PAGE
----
Your business and your team are growing, and you can’t be everywhere at once. Sound familiar? It might be time to rethink your organisational structure.
Small businesses do well with flat structures. At their best there’s a friendly, informal, ‘just get on with it’ feel to them as the team deals directly with the owner. With growth, some degree of hierarchy becomes inevitable. It can have negative connotations for people. Businesses described as ‘hierarchical’ can sound like they’re oppressive to the people who work in them and frustrating to customers.It doesn’t have to be that way. Depending on your approach, it can improve morale, productivity and your overall business success. It can be a very pragmatic solution when a business is growing and suddenly the team (and you) can’t keep everything in their heads any more. It’s possible to create a structured environment, with individual roles and responsibilities and, at the same time, encourage employees to express ideas freely. Whether we like to admit it or not, most of us like a bit of structure.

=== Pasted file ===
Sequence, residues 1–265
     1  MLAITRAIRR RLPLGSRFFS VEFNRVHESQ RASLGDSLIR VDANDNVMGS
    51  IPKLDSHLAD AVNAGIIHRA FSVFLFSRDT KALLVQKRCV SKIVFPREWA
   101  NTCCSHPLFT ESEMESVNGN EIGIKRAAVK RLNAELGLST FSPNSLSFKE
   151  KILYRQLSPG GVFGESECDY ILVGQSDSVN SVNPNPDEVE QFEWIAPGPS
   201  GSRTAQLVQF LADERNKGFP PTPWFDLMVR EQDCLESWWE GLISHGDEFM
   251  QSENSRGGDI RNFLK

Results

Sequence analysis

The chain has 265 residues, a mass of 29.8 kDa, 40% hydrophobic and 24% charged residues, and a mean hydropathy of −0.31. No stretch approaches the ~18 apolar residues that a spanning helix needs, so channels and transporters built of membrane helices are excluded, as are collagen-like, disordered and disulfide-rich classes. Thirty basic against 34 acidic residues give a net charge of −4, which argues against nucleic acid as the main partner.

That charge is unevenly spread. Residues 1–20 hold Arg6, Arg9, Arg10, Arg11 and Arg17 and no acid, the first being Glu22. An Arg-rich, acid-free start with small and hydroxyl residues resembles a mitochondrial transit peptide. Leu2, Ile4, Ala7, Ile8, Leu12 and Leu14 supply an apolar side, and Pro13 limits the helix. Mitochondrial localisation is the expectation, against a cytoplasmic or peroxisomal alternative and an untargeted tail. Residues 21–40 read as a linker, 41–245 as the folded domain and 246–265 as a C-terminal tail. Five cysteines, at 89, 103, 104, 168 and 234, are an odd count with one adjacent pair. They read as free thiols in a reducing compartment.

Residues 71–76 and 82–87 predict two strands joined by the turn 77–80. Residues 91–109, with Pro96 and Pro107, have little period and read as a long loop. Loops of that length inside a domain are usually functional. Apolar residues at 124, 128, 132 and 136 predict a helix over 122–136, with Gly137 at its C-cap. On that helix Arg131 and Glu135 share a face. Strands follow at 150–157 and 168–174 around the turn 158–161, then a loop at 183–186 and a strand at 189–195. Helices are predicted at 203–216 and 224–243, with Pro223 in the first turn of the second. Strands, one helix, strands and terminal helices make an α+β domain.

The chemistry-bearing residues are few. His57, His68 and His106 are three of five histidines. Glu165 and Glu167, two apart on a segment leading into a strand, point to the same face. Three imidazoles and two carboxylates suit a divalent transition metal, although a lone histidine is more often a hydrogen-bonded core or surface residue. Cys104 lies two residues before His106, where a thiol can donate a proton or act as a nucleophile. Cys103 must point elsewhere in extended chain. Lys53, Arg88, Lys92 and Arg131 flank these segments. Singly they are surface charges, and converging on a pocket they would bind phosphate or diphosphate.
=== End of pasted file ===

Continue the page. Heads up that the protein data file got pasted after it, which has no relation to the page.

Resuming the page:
Aim For: A guideline for employees to understand where they sit within a business model and what needs to be achieved in order to ascend the ranks or be promoted. Better communication flow; knowing the right person in each department or area to chat with regarding particular issues.
Avoid: An environment where employees feel a lack of power, leaving a sense of being devalued. Stifling creativity when those at the bottom of the pecking order lack the confidence to come forward with new ideas and approaches.
What should you do?
Involve your team. Let them know why you want to change the current structure. Seek their views on what works and what doesn’t. Whiteboard out the major processes to identify bottlenecks and where the business would benefit from better systems e.g. a ticketing system for repairs and complaints. Talk through options and how best to achieve the right outcomes. Hold regular meetings to support innovation amongst staff members and reiterate the company culture.